Sherlock is a traditional High-Performance Computing cluster in many aspects. But unlike most of similarly-sized clusters where hardware is purchased all at once, and refreshed every few years, it is in constant evolution. Almost like a living organism, it changes all the time: mostly expanding as individual PIs, research groups, labs and even whole Schools contribute computing resources to the system ; but also sometimes contracting, when older equipment is retired.
A significant expansion milestone
A few days ago, Sherlock has reached a major expansion milestone, largely owing to significant purchases from the School of Earth, Energy & Environmental Sciences, but also thanks to multiple existing owner groups who decided to renew their investment in Sherlock by purchasing additional hardware.
With these recent additions, Sherlock reached a theoretical power of over 3 Petaflops, 3 thousand million million (1015) floating-point operations per second. That would place it around the 150th position in the most recent TOP500 list of the most powerful computer systems in the world.
Among the newly added nodes, a number of
SH3_G8TF64 nodes, each featuring 128 CPU cores, 1TB of RAM, 8x A100 SXM4 GPUs (NVLink) and two Infiniband HDR interfaces providing 400Gb/s of interconnect bandwidth, both for storage and inter-node communication. Those nodes alone provide over half a Petaflop of computing power.
Sherlock now features over 1,700 compute nodes, occupying 45 data-center racks, and consuming close to half a megawatt of power. Over 44,000 CPU cores, more than 120 Infiniband switches and close to 20 miles of cables help support the daily computing activities of over 5,000 users. For even more facts and numbers, checkout the Sherlock Facts page!
A steady growth
Since in first days in 2014, and its initial 120 nodes, Sherlock has been growing at a steady pace. Three generations and as many Infiniband fabrics later, and after a few months of slowdown at the beginning of 2020, expansion has resumed and is going stronger than ever:
The road ahead
To keep expanding Sherlock and continue to serve the computing needs of the Stanford research community, rack space used by first generation Sherlock nodes needs to be reclaimed to make room for the next generation. Those 1st-gen nodes have been running well over their initial service life of 4 years, and in most cases, we’ve even been able to keep them running for an extra year. But data-center space being the hot property it has now become, and since demand for new nodes is not exactly dwindling down, we’ll be starting to retire the older Sherlock nodes to accommodate the ever-increasing requests for more computing power. We’ve started working on renewal plans with those node owners, and the process is already underway.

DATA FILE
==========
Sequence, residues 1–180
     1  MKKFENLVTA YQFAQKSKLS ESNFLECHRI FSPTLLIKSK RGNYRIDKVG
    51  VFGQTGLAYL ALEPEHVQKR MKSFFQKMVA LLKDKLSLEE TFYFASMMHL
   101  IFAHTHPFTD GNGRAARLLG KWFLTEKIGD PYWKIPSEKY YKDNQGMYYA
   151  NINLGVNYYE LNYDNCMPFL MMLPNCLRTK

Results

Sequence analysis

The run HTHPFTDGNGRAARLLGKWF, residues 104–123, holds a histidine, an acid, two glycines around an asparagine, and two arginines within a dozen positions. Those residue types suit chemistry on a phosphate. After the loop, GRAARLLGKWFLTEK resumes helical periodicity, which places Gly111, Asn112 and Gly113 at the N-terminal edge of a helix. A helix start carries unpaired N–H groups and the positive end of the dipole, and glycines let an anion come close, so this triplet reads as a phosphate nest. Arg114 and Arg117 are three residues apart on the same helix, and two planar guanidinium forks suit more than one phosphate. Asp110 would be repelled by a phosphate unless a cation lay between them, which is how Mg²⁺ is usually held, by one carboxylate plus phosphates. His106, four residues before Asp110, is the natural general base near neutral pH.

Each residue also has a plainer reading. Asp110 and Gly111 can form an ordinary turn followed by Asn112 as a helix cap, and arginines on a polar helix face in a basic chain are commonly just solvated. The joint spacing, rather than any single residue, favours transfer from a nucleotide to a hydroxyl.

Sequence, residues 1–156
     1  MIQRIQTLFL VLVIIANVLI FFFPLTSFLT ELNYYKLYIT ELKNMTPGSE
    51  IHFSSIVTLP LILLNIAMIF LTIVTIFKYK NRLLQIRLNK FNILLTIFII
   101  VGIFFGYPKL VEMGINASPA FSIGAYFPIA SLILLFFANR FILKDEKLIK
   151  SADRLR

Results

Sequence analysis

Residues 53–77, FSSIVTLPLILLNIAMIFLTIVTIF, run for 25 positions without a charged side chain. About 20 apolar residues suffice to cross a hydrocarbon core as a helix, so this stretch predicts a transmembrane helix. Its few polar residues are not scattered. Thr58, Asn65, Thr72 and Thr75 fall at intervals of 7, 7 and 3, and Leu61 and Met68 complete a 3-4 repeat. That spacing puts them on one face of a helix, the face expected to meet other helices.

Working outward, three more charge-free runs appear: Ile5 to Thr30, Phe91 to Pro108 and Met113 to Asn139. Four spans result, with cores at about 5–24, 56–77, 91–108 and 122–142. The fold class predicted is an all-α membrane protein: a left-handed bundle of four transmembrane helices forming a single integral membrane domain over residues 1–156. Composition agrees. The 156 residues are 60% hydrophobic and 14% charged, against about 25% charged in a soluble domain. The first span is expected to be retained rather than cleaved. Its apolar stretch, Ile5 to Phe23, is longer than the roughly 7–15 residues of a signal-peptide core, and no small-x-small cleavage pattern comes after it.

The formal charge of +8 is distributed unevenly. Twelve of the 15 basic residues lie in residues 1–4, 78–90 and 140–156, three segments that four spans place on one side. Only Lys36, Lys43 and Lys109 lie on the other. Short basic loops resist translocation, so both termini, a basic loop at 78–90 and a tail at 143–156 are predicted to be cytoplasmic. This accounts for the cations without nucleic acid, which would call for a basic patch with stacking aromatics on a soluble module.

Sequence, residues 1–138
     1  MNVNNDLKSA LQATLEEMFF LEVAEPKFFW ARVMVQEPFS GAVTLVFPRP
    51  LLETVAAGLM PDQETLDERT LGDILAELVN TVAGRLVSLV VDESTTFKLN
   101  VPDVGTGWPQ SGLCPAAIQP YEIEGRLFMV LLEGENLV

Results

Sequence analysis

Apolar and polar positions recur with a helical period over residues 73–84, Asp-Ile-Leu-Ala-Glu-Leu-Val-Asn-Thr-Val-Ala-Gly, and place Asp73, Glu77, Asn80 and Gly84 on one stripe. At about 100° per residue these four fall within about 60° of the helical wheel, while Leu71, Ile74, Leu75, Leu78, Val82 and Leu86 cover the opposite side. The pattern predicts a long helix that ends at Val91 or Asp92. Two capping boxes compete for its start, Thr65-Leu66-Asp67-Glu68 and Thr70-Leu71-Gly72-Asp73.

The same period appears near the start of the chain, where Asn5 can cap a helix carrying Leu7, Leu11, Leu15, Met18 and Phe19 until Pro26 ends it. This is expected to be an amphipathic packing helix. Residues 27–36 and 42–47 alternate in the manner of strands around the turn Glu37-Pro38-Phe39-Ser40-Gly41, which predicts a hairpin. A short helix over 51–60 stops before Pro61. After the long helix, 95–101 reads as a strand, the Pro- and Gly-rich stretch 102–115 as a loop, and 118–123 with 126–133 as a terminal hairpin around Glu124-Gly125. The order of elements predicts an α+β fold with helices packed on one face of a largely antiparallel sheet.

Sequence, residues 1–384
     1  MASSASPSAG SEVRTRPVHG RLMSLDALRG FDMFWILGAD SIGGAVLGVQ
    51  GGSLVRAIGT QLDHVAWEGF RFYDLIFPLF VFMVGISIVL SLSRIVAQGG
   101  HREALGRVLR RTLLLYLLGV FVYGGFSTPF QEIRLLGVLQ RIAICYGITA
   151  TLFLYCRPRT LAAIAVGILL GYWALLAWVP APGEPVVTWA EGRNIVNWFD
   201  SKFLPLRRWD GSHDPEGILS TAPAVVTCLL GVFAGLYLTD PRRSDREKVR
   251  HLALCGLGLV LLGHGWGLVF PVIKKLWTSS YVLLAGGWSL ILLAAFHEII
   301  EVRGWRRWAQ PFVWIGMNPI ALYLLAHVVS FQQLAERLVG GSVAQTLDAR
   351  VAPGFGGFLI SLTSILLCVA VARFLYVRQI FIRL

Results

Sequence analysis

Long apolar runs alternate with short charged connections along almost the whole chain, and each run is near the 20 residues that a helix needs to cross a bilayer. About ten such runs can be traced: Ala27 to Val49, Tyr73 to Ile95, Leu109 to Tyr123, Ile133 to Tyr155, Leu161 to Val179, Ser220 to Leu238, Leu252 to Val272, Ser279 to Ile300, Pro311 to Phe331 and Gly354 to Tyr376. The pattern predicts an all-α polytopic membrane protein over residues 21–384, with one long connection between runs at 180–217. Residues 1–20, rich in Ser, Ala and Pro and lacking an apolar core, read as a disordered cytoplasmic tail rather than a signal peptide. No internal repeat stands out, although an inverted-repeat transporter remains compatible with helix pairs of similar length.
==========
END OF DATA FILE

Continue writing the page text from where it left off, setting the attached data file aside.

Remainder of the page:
So for a while, Sherlock will shrink in size, as old nodes are retired. Before it can start growing again!
As we move forward, the Sherlock Compute Nodes Catalog is also evolving, to follow the latest technological trends, and to adapt to the computing needs of our research community.
As part of this evolution, the recently announced
SH3_G4FP32 configuration is sadly not available anymore, as vendors suddenly and globally discontinued the consumer-grade GPU model that was powering this configuration. They don’t have plans to bring back anything comparable, so that configuration had to be pulled from the catalog, unfortunately.
On a more positive note, a significant and exciting catalog refresh is coming up, and will be announced soon. Stay tuned! 🤫
As usual, we want to sincerely thank every one of you, Sherlock users, for your patience when things break, your extraordinary motivation and your continuous support. We’re proud of supporting your amazing work, and Sherlock simply wouldn’t exist without you.
Happy computing and don’t hesitate to reach out if you have any questions!
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